Xinmao Draka cable bid puts Tianjin suburb on map

By Terril Yue Jones

TIANJIN, China (BestGrowthStock) – Traffic weaves lazily through a Chinese industrial park lined with imposing buildings — home to the company that is outbidding the world’s top two cable companies for Dutch industry player Draka.

Many of the edifices bear the name “Xinmao,” the Chinese company that burst onto the international scene this week with its surprise 1 billion euro ($1.3 billion) bid for the Dutch manufacturer of elevator and construction cables and fiber optics.

Before its audacious cash bid, which trumps an agreed takeover by Italy’s Prysmian and an earlier failed one by Nexans of France, Xinmao was little known abroad — or in most of China for that matter.

With no track record of international acquisitions, its attempt to snare Draka has raised questions over how it can pull off a $1 billion-plus acquisition. But with Draka shares about 5 percent shy of its proposed bid price, investors are betting it has a good chance.

Xinmao, formed 10 years ago and with a workforce of about 30,000, is a household name in Tianjin, a sprawling port city of more than 12 million about 100 kilometers southeast of Beijing.

People interviewed on Friday outside its headquarters described an admired local brand that looms large in its hometown.

“Xinmao is a big, powerful company. Everybody in Tianjin knows it,” says Teng Peng, 40, who works for a Xinmao subsidiary that makes electricity converters.

Like many entrepreneurial Chinese businesses, Xinmao runs a range of operations. Eight science and technology parks, engineering services, wind power, defense, and information technology figure among nearly 30 businesses.

According to public documents, company Chairman Du Kerong, a military officer-turned-entrepreneur, and his daughter own 90.6 percent of the company. In 2005, Xinmao conducted a back-door listing on the Shenzhen exchange, buying a listed company and injecting some of its assets.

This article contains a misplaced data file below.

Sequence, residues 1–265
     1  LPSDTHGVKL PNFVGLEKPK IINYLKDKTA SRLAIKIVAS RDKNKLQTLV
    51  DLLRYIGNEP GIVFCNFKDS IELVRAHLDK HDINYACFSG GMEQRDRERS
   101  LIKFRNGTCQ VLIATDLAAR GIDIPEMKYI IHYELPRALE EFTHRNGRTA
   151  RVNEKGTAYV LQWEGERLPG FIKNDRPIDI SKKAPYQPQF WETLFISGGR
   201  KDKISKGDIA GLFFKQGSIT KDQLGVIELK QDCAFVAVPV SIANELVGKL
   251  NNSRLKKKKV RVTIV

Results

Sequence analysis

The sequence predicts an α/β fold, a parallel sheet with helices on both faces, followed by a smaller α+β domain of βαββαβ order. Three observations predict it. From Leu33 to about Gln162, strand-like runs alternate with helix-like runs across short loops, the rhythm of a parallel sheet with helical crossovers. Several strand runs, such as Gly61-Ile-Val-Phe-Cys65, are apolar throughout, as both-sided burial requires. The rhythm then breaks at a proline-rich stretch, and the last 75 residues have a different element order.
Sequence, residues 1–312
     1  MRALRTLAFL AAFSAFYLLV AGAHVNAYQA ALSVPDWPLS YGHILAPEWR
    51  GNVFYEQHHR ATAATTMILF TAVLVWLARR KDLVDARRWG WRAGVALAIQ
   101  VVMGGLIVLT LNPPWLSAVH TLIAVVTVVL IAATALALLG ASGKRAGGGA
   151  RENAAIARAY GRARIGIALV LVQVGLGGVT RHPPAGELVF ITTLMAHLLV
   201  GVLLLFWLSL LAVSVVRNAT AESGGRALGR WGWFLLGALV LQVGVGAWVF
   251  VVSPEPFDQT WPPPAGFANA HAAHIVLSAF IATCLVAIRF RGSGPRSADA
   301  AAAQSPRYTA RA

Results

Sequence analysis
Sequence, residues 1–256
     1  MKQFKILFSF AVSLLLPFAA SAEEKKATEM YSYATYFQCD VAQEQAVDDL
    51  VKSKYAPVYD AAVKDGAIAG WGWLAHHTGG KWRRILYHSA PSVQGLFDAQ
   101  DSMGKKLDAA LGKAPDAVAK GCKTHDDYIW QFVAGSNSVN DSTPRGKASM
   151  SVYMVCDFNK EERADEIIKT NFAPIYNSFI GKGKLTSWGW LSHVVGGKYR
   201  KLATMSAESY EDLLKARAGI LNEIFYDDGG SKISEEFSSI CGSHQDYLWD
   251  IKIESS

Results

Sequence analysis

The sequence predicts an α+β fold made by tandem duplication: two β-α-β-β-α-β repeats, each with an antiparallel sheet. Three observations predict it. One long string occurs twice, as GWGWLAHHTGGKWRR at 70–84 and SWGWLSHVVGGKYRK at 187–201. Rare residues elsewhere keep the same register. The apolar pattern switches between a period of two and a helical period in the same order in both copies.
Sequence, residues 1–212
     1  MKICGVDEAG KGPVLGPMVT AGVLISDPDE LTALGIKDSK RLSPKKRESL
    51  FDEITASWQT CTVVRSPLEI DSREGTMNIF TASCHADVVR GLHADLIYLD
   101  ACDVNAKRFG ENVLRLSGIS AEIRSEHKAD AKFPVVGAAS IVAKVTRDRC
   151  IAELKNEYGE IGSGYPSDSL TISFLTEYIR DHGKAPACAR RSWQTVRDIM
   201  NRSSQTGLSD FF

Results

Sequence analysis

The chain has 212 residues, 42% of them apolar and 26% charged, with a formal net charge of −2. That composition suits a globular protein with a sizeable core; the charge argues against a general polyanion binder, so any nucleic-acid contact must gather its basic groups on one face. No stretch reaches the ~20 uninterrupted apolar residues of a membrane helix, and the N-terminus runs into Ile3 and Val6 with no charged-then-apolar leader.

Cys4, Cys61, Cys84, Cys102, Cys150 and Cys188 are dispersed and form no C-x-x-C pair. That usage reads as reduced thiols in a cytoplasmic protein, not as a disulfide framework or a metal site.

Local media reports say Du, a former senior officer in China’s air force, founded the parent company, Xinmao Group.

After leaving the military he went to work for a Tianjin-based import-export company before starting his own construction business. That business eventually became part of Xinmao Group.

Company officials were not available for comment.

Xinmao’s presence is big in this industrial zone. At one end of the park is a towering Xinmao-owned hotel. Nearby is Changfei Xinmao, a year-old optical fiber JV that attests to the relationship Xinmao and Draka already have: Draka is Changfei’s main shareholder.

Xinmao’s campus comprises 17 buildings, home to it and some 900 other companies that have purchased office space here.

In the view of some locals, Xinmao can do no wrong.

Xinmao is an “honorable name,” said both Gang Xiaonan, 31, and Li Yan, 30, who works for an architectural design company that purchased office space in a Xinmao building. On hearing of the attempt to acquire Draka, Gang’s eyes widened.

“I’m going to buy some Xinmao stock today, maybe 1,000 shares,” she said, rattling off Xinmao’s listed subsidiary’s Shenzhen Stock Exchange ticker from memory: 000836.

“Their stock price won’t go down,” she gushed. “Look, their business is right here in front of us, not something on the Web,” she said, pointing to buildings up and down the street. “My money won’t be wasted.”

(Additional reporting by David Lin; Editing by Don Durfee and Andrew Callus)

Xinmao Draka cable bid puts Tianjin suburb on map